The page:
NBA PM: Kris Dunn Excited for Draft Process

Kris Dunn is excited to turn his NBA dream into reality and hopes to make an immediate impact.

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Kris Dunn Excited for Pre-Draft Process

The pre-draft process is getting underway for the 2016 class and former Providence point guard Kris Dunn is excited for the journey that lies ahead. Dunn’s lifelong dream of playing in the NBA is on the verge of becoming reality and he can’t wait to showcase his game and meet with teams.

“This is really exciting,” Dunn told Basketball Insiders. “I think the whole process is exciting. Every player in the draft wants to show what they can do and prove all of their doubters wrong. I’ve been doubted my whole life – on and off the court. I’m used to that and it definitely fuels my fire. If someone doubts me, I just take what they said and bring it to the gym. You can’t get down on yourself – you just have to play and get through any adversity and prove the doubters wrong.

“I’ve been dreaming of this moment for a long time. I mean, I’ve always wanted to play in the NBA. I really don’t know how I’ll react to hearing my name [on draft night]. I’ll definitely be excited, but I might cry just because of all the hard work I put in. I really don’t know what my emotions will be.”

KrisDunnInsideDunn is projected to be one of the top picks on June 23. In Basketball Insiders’ most recent mock draft, he is slotted at fourth overall. Our good friends at DraftExpress currently have Dunn going fifth overall. Once the lottery order is decided, team needs can be factored in and it’ll be easier to project where he’ll land. However, both mock drafts have one thing in common: Dunn is the first point guard to come off of the board.

With his 6’4 body, 6’9 wingspan, terrific athleticism and stifling perimeter defense, Dunn was a match-up nightmare at the collegiate level and he drove opposing point guards crazy. He was Second Team All-American this season and finished his Providence career as a two-time Big East Player of the Year, two-time Big East Defensive Player of the Year and two-time First Team All-Big-East selection.

This past season, Dunn averaged 16.4 points, 6.2 rebounds, 5.3 assists and 2.5 steals while leading Providence to 24 wins. He shot 44.8 percent from the field and a career-high 37.2 percent from three-point range (on 3.4 attempts per game). He finished the season with the third-highest assist percentage (41.8 percent) and sixth-highest steal percentage (4.3 percent) in the nation. Not to mention, he ranked 16th among all players in Box Plus-Minus (11.3) and had an impressive 23.5 PER. Out of DraftExpress’ top 100 prospects in the 2016 draft class, Dunn averaged the most steals per game and the fourth-most assists per game.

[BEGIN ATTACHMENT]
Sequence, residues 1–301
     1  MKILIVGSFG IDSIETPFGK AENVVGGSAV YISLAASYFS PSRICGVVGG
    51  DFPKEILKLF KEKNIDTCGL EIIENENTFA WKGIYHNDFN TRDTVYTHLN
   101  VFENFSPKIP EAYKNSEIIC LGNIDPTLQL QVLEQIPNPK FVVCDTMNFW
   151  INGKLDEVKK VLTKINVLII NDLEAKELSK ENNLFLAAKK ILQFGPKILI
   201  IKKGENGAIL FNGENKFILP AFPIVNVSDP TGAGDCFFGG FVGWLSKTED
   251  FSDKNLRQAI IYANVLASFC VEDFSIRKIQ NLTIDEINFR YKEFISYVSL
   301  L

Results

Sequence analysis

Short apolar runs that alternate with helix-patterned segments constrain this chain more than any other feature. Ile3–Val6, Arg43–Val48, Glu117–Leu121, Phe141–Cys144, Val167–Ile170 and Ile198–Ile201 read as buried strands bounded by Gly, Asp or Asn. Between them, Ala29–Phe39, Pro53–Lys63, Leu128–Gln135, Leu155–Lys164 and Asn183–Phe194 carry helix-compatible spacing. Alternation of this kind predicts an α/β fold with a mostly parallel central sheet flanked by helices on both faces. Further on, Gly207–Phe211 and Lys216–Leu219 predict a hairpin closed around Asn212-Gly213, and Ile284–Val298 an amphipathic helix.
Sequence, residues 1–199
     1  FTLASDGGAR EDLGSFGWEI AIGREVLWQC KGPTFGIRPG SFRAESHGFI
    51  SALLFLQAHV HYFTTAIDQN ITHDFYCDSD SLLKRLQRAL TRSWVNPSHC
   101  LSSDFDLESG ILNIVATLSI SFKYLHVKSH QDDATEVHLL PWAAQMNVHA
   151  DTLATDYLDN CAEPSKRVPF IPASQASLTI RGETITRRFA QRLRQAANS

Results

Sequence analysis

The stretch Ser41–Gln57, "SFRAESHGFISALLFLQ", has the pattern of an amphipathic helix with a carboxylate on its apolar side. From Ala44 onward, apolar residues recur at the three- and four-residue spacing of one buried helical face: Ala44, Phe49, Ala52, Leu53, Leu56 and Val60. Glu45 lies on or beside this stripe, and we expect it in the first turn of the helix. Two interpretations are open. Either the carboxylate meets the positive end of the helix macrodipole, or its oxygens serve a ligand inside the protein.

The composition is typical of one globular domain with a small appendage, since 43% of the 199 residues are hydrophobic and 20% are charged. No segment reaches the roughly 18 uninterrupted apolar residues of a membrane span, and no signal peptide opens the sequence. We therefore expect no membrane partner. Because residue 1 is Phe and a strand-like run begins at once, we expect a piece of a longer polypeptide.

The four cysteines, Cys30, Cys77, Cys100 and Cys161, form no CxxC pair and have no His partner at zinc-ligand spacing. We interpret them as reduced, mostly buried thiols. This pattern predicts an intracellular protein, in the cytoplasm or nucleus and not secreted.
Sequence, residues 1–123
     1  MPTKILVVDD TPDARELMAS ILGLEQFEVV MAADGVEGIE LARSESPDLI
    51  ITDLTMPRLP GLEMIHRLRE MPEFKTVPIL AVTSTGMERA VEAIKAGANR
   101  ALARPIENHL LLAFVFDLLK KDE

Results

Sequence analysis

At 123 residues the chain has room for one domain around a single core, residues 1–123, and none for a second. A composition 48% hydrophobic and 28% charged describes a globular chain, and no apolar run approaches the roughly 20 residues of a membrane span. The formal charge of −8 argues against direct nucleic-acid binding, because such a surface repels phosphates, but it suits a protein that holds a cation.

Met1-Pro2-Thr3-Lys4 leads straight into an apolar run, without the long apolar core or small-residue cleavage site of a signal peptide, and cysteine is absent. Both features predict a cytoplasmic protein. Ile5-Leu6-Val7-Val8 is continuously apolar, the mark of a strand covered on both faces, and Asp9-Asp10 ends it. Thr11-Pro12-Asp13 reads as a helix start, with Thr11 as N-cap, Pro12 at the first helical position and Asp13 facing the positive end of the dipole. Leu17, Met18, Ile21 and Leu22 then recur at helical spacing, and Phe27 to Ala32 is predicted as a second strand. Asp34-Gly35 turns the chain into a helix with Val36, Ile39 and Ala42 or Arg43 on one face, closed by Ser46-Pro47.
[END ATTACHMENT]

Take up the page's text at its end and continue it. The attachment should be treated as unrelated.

Dunn had a number of jaw-dropping performances throughout the 2015-16 campaign. In the first game of the season against Harvard, he filled the stat sheet with 32 points, eight steals, six rebounds, five assists and two blocks in the win. Three games later against NJIT, Dunn had 22 points, 10 rebounds, nine assists, seven steals and a block in the win. In a December win over Hartford, he had a triple-double (16 points, 14 assists, 10 rebounds along with three steals and a block) while shooting 8-12 from the field. When all was said and done, he scored 20 or more points in 11 games and recorded three or more steals in 13 games.

Former Friars point guard God Shammgod, who played 20 seasons professionally and is currently on Providence’s coaching staff, has trained Dunn throughout his collegiate career and expects him to be superstar in the NBA.

“I’m biased, but I really think he’s a first-pick-caliber player. I think Kris can be a guy who makes 13 to 14 All-Star appearances,” Shammgod told Basketball Insiders. “He’s so talented on both ends of the floor and he does the little things that people don’t notice too. He throws the advance pass as well as any player I’ve seen since Jason Kidd. That may not jump out to others, but little things like that separate him from other players. With his game, leadership and personality, he’s a face-of-the-franchise type of player. He’s the guy you want to build a team around. Not only is he a great player, he’s a great leader and great person off the court. Everyone loves who he is and loves his personality. When he sits down with NBA executives, they’re going to be impressed.”

It remains to be seen how high Dunn can climb in the upcoming draft. It’s worth noting that Dunn recently turned 22 years old, making him one of the oldest players projected to be picked in the lottery (which is typically littered with one-and-done prospects). While his age may scare some teams that want to go with a younger player, it also means he is one of the most NBA-ready players in this draft class. That should help him during the pre-draft process and in his rookie year since he’s the kind of player who can step in and make an impact from day one.

“Even though I didn’t play all four years due to my injury, I’ve been around the college game for so long that I think I have more knowledge than the other guys [in the draft],” Dunn said. “I definitely think that will help me. One reason why I stayed in college another year is so that I can come in and make an immediate impact.